Dr Thomas Lean writes:
From Isaac Newton 'discovering' gravity thanks to a lucky falling apple, to Alexander Fleming finding penicillin in his untidy lab, great scientific discoveries have long been told as stories about lucky chance and serendipity.
But is it really luck?
Or is it just easier to explain complicated science through simple stories? Is it modesty? Or perhaps, as microbiologist Louis Pasteur put it, “in the fields of observation, chance favours only the prepared mind”? Or perhaps something else entirely?
Last Monday saw An Oral History of British Science try to put the matter to rest once and for all, with the first of our evening public events. Four interviewees from the project - Professor Dame Julia Higgins, Professor Chris Rapley, Professor Cyril Hilsum, and Professor Mike Baillie - came together to discuss how serendipity had touched their careers, in areas as diverse as electronics engineering and dendrochronology, with historian of science Dr Charlotte Sleigh to add a historical perspective.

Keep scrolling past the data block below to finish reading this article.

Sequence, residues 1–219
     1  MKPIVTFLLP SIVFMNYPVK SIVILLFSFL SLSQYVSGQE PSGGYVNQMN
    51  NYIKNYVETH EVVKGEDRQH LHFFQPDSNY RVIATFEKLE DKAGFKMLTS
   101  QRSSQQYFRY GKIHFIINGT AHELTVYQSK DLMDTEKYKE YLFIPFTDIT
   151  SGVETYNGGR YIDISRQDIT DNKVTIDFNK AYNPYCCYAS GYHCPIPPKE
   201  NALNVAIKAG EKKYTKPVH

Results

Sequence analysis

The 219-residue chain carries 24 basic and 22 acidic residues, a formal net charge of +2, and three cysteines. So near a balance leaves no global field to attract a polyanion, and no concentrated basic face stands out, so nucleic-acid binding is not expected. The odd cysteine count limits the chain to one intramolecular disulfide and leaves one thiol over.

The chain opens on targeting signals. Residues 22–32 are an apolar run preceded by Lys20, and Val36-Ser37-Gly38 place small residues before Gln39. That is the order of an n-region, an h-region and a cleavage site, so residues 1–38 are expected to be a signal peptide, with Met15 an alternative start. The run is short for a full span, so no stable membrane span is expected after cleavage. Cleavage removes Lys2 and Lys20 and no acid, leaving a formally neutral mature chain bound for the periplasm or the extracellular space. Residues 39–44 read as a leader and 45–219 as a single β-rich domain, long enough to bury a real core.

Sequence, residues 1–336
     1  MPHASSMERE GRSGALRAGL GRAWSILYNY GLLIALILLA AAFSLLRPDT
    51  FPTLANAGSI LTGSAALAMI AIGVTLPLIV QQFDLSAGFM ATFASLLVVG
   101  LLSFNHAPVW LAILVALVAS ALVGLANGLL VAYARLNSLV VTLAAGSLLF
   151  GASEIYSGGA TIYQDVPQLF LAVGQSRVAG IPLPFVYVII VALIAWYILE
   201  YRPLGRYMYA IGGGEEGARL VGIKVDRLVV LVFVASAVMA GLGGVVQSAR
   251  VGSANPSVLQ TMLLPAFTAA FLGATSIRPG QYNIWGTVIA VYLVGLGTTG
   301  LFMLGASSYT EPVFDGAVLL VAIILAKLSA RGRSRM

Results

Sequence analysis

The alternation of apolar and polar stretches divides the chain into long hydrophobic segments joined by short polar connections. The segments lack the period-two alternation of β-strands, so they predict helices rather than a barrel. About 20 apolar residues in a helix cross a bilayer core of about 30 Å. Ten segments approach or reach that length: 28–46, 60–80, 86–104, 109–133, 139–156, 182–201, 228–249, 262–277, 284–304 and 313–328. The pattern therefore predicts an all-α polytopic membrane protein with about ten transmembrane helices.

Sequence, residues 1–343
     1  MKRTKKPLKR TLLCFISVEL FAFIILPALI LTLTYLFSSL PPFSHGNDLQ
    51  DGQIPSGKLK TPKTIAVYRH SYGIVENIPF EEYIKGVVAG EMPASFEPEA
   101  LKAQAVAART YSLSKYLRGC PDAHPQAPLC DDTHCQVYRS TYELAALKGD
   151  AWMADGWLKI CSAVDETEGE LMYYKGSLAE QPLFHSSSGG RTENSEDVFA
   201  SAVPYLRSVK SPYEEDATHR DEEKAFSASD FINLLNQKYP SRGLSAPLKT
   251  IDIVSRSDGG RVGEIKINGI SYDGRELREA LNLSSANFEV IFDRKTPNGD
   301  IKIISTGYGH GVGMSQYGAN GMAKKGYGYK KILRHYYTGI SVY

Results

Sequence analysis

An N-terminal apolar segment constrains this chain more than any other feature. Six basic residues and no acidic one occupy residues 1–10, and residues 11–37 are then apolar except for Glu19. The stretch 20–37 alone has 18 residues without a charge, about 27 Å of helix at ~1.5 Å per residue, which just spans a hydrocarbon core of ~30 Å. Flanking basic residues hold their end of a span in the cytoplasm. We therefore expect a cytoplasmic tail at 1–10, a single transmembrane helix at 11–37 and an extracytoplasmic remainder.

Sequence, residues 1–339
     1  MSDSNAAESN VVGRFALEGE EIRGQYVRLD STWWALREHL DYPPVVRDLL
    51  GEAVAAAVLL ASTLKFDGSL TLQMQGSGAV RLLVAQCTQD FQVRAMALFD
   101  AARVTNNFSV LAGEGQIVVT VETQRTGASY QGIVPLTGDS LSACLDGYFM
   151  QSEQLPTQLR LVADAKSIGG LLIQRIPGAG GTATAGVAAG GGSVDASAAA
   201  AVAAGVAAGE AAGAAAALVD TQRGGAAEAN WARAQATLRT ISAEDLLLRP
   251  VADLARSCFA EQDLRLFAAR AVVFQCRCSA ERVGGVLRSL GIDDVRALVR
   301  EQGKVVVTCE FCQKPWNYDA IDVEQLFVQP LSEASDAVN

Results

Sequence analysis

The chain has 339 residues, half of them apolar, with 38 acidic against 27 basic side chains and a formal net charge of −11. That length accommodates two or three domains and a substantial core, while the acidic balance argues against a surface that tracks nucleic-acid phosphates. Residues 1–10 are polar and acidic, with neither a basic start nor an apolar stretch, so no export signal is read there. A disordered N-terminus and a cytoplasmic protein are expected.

The results of our experiment certainly made for an entertaining evening... and you can see what we came up with on this video.
And if you want to know more about scientists and luck, check out Charlotte Sleigh's blog on the subject of luck and science - Do I feel lucky? Well, do ya, Newton?
Or Douglas Heaven's reflection of the evening at the New Scientist blog